MADISON (WKOW) -- Governor Scott Walker (R-Wisconsin) was the target of some unexpected derision at a ceremony to celebrate Martin Luther King Jr. Day at the State Capitol.
The widow of Father James Groppi, a leading figure in the Milwaukee civil rights movement of the 1960s, criticized many of Gov. Walker's policies in accepting an award on her late husband's behalf.
Without directly referencing Gov. Walker by name, Dr. Margaret Rozga said that anyone who stands in favor of curtailing the collective bargaining rights of workers or suppressing people's right to vote, "doesn't stand with us."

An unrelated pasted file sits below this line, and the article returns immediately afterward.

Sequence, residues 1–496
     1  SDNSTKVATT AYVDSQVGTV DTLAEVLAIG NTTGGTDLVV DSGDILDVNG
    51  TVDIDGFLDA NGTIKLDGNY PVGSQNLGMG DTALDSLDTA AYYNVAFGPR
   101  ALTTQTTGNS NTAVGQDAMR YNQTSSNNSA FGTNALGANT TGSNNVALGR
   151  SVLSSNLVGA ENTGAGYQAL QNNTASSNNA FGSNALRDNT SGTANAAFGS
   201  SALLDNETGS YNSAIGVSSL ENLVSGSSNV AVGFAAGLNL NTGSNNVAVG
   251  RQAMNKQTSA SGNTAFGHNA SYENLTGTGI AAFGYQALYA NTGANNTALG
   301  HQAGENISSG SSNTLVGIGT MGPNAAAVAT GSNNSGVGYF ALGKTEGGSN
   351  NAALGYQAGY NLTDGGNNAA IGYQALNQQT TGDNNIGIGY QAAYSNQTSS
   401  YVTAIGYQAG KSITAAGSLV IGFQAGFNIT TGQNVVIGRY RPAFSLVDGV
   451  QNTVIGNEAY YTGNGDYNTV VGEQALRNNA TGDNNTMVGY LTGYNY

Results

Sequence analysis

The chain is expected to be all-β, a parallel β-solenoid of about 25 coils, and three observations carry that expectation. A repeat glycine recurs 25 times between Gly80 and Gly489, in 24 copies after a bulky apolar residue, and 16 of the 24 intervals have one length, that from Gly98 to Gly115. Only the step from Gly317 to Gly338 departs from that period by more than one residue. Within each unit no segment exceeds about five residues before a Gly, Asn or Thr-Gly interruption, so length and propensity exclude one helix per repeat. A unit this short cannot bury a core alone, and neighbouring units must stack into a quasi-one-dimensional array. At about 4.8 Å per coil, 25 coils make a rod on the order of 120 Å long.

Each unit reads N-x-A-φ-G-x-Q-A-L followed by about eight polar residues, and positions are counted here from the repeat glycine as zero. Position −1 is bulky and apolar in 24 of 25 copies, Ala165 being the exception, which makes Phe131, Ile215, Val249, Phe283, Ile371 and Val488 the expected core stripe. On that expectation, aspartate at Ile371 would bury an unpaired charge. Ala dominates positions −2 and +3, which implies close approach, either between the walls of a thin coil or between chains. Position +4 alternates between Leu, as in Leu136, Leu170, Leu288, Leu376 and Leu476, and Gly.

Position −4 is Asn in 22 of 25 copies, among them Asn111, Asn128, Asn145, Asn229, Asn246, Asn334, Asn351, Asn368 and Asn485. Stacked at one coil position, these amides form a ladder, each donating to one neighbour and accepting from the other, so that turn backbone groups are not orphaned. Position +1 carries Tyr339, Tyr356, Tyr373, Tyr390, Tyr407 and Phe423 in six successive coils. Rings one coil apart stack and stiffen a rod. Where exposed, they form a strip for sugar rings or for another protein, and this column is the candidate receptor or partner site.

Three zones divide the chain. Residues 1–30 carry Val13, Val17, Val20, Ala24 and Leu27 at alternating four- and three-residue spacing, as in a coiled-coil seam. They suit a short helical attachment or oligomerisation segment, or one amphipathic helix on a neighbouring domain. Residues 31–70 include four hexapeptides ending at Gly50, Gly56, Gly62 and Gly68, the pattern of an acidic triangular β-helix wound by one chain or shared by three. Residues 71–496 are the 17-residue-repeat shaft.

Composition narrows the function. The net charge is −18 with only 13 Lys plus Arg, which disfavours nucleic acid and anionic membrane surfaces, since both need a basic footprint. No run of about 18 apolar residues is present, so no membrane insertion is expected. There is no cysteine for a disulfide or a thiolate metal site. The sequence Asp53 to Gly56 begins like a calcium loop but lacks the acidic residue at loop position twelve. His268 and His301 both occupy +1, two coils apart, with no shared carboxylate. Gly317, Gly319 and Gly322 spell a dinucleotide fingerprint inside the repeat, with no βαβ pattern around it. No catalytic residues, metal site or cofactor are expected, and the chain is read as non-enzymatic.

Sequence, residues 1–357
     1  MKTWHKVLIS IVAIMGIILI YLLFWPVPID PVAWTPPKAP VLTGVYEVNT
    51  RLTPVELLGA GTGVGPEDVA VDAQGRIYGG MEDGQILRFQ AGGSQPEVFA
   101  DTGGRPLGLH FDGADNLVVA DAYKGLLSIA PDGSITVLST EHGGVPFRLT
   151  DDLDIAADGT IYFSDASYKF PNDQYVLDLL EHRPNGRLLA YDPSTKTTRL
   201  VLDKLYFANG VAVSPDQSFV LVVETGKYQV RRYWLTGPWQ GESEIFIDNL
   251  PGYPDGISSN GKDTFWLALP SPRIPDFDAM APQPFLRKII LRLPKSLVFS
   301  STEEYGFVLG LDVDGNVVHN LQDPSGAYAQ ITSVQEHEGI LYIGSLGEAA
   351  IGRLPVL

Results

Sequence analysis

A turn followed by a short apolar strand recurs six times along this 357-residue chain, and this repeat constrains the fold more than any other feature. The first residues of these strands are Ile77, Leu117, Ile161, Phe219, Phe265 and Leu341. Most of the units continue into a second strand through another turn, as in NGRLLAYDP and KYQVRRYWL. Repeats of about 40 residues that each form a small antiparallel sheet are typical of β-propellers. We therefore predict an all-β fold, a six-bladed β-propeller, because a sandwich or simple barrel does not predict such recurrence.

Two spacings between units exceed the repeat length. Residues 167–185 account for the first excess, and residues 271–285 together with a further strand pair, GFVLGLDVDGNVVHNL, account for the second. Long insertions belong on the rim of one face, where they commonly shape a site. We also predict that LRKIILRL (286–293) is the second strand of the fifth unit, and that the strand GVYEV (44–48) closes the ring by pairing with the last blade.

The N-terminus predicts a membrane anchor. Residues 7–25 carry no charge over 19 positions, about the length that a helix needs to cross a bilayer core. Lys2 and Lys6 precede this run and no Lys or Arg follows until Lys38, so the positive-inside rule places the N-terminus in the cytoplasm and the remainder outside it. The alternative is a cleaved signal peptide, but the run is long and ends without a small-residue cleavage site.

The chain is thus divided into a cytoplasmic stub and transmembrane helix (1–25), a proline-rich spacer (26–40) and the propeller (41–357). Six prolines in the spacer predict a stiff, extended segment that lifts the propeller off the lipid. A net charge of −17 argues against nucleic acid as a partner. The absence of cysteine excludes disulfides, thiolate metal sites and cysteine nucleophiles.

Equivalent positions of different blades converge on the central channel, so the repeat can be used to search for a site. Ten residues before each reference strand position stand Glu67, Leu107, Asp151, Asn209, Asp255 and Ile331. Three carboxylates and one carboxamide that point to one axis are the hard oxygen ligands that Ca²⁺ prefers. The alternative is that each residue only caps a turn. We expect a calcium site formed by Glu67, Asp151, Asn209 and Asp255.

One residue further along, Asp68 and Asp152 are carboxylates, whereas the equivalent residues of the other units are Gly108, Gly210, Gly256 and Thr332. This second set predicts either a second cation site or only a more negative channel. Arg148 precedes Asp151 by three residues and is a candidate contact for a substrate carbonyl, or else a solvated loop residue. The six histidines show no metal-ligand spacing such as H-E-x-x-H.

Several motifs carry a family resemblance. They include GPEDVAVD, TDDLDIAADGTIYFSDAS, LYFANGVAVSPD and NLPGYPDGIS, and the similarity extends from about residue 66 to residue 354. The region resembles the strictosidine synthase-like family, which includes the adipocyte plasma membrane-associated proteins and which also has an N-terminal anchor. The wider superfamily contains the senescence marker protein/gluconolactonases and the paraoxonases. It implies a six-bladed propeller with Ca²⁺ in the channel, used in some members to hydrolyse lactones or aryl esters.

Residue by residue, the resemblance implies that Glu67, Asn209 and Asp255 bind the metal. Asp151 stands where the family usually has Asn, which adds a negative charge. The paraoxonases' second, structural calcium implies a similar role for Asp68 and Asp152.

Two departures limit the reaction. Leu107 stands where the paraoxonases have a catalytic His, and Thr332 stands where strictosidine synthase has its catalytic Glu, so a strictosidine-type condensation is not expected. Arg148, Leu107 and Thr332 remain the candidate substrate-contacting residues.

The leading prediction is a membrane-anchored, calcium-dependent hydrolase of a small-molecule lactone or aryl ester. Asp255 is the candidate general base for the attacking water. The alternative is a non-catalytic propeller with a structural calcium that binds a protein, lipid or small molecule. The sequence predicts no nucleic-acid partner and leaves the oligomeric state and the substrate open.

Dr. Rozga was making a thinly veiled reference to Wisconsin Act 10 and the Photo ID law, both championed by Gov. Walker.
Dr. Rozga's statements received loud cheers and applause from the audience, while Gov. Walker sat stoically just a few feet behind her.
The Governor spoke later in the ceremony to proclaim it Martin Luther King Jr. Day in Wisconsin.
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